Cobalamin-independent methionine synthase MetE, C-terminal/archaeal (IPR002629)

Short name: Met_Synth_C/arc

Overlapping homologous superfamilies


Domain relationships



Methionine synthases catalyse the the final step of methionine biosynthesis. Two apparently unrelated families of proteins catalyse this step: cobalamin-dependent methionine synthase, which catalyses the transfer of a methyl group from N5-methyltetrahydrofolate to L-homocysteine and requires cobalamin as a cofactor (MetH; 5-methyltetrahydrofolate:L-homocysteine S-methyltransferase; EC: and cobalamin-independent methionine synthase, which catalyses the transfer of a methyl group from methyltetrahydrofolate to L-homocysteine without using an intermediate methyl carrier (MetE; 5-methyltetrahydropteroyltri-L-glutamate:L-homocysteine S-methyltransferase; EC: These enzymes display no detectable sequence homology between them, but both require zinc for activation and binding to L-homocysteine. Organisms that cannot obtain cobalamin (vitamin B12) encode only the cobalamin-independent enzyme. Escherichia coli and many other bacteria express both enzymes [PMID: 1339288]. Mammals utilise only cobalamin-dependent methionine synthase, while plants and yeasts utilise only the cobalamin-independent enzyme.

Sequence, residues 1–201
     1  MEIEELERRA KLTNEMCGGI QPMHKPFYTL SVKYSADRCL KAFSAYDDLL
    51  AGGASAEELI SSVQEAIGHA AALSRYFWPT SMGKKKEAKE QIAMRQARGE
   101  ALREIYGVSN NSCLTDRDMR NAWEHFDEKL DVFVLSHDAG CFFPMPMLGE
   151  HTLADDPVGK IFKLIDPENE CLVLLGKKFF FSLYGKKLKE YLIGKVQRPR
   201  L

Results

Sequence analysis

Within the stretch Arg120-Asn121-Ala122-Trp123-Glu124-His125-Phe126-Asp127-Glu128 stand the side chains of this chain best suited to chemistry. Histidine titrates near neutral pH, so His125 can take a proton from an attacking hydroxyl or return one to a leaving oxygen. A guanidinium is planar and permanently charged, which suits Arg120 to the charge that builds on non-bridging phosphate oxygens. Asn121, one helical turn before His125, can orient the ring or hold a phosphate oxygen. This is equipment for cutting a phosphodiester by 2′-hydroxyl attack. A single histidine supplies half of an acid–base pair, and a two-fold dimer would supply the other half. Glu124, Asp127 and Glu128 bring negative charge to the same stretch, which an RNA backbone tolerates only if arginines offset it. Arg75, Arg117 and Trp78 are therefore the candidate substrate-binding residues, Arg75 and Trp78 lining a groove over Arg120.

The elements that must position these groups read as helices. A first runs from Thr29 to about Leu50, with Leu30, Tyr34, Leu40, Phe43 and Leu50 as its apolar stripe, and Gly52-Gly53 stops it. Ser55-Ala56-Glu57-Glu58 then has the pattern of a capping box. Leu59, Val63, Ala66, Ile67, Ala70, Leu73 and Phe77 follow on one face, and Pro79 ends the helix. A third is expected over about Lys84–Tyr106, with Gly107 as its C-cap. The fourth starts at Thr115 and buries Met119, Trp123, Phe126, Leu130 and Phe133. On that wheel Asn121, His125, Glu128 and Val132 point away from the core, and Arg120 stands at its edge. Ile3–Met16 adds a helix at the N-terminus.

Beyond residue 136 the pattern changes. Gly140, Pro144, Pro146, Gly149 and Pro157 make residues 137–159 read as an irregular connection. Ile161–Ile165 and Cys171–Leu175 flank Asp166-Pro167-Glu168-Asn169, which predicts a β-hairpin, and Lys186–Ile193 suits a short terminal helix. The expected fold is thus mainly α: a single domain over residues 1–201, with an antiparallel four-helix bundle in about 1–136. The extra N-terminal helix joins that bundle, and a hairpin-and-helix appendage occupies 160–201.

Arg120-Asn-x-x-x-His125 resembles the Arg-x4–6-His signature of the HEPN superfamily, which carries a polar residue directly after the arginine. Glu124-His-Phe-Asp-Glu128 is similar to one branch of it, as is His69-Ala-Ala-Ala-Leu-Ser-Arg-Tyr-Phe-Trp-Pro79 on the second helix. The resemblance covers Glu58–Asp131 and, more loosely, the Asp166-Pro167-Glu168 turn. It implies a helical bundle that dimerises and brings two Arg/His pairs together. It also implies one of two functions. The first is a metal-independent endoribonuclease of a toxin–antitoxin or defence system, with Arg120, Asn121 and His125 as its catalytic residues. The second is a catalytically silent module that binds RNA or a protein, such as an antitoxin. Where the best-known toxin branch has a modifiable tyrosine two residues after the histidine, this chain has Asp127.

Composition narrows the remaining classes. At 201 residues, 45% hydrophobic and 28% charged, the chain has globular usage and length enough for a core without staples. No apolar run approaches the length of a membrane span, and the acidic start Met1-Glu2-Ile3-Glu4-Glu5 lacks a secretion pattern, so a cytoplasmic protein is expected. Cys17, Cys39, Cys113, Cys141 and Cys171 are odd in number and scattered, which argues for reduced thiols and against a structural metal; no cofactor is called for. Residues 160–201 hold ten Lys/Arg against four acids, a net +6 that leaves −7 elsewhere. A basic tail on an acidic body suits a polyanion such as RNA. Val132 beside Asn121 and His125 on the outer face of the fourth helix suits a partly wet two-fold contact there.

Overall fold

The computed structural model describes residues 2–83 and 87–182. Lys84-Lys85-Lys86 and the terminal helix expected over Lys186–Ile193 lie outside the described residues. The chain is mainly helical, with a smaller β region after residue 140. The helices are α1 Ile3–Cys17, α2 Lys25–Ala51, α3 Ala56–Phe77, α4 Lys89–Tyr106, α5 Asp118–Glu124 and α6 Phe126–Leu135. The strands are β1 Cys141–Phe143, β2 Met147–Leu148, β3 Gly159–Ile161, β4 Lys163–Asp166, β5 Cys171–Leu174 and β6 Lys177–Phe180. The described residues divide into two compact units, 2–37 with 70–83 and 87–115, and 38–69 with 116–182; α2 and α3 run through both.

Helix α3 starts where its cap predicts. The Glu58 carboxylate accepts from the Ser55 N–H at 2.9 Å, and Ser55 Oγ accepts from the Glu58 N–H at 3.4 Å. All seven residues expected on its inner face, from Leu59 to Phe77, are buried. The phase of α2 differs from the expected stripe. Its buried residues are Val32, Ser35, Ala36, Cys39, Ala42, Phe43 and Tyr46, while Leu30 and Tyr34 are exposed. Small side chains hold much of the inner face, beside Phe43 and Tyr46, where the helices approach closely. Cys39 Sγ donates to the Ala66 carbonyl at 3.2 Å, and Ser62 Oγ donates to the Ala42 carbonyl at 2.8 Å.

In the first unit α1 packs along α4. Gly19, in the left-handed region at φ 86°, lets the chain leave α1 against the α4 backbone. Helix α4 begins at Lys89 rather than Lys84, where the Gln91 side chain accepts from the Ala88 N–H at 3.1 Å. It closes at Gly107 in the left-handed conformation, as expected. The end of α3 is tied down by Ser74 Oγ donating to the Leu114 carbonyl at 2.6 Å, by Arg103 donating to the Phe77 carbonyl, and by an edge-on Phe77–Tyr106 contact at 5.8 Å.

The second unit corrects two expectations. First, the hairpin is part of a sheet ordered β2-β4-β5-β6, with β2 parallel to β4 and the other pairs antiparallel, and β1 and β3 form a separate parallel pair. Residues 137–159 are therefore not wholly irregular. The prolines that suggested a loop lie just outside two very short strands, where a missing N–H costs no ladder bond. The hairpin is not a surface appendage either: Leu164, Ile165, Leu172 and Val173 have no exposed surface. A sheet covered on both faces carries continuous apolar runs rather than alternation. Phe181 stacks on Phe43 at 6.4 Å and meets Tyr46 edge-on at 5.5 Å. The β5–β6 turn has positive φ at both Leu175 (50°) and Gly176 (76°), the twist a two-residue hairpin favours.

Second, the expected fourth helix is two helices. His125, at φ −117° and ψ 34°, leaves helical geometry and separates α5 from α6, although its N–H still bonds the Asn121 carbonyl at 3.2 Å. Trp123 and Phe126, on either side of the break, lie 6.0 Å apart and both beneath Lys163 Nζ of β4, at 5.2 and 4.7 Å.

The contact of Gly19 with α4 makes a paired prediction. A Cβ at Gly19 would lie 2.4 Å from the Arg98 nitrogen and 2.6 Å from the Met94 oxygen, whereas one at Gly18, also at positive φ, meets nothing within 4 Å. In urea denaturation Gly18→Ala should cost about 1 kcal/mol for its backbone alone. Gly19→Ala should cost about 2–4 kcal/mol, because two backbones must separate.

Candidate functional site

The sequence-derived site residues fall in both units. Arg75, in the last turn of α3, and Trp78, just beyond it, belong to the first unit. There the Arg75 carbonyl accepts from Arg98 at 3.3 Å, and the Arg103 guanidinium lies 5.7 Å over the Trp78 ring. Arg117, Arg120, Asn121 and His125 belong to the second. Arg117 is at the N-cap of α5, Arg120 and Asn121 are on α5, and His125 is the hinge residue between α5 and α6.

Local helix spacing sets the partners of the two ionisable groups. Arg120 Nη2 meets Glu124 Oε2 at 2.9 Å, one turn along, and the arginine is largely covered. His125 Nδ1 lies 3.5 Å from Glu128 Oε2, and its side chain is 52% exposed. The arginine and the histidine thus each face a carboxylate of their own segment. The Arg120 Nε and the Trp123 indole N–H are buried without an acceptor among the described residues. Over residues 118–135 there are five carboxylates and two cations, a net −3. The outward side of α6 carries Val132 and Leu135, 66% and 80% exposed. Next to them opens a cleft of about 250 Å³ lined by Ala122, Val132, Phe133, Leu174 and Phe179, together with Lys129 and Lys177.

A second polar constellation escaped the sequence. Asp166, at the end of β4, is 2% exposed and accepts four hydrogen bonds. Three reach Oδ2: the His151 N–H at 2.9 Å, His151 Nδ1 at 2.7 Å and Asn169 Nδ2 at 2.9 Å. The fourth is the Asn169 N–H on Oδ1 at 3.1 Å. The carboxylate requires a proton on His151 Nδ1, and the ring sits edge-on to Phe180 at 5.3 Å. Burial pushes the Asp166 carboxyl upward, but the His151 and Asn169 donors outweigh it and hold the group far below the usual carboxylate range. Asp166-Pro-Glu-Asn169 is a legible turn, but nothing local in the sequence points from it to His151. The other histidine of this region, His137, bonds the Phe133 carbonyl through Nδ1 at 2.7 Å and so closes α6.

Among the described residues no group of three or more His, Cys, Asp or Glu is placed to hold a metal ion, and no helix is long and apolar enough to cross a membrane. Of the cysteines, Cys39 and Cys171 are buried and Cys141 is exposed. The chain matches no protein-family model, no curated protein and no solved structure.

The N-terminal half and C-terminal half of MetE in E. coli show some sequence similarity, indicating that the metE gene has evolved from an ancestral metE gene by duplication [PMID: 1339288]. This entry represents a the C-terminal domain of cobalamin-independent methionine synthase (MetE) from bacteria and plants. It also includes archaeal proteins where this domain corresponds to the entire length of the protein [PMID: 10469143].

GO terms

Biological Process

GO:0009086 methionine biosynthetic process

Molecular Function

GO:0003871 5-methyltetrahydropteroyltriglutamate-homocysteine S-methyltransferase activity
GO:0008270 zinc ion binding

Cellular Component

No terms assigned in this category.

Contributing signatures

Signatures from InterPro member databases are used to construct an entry.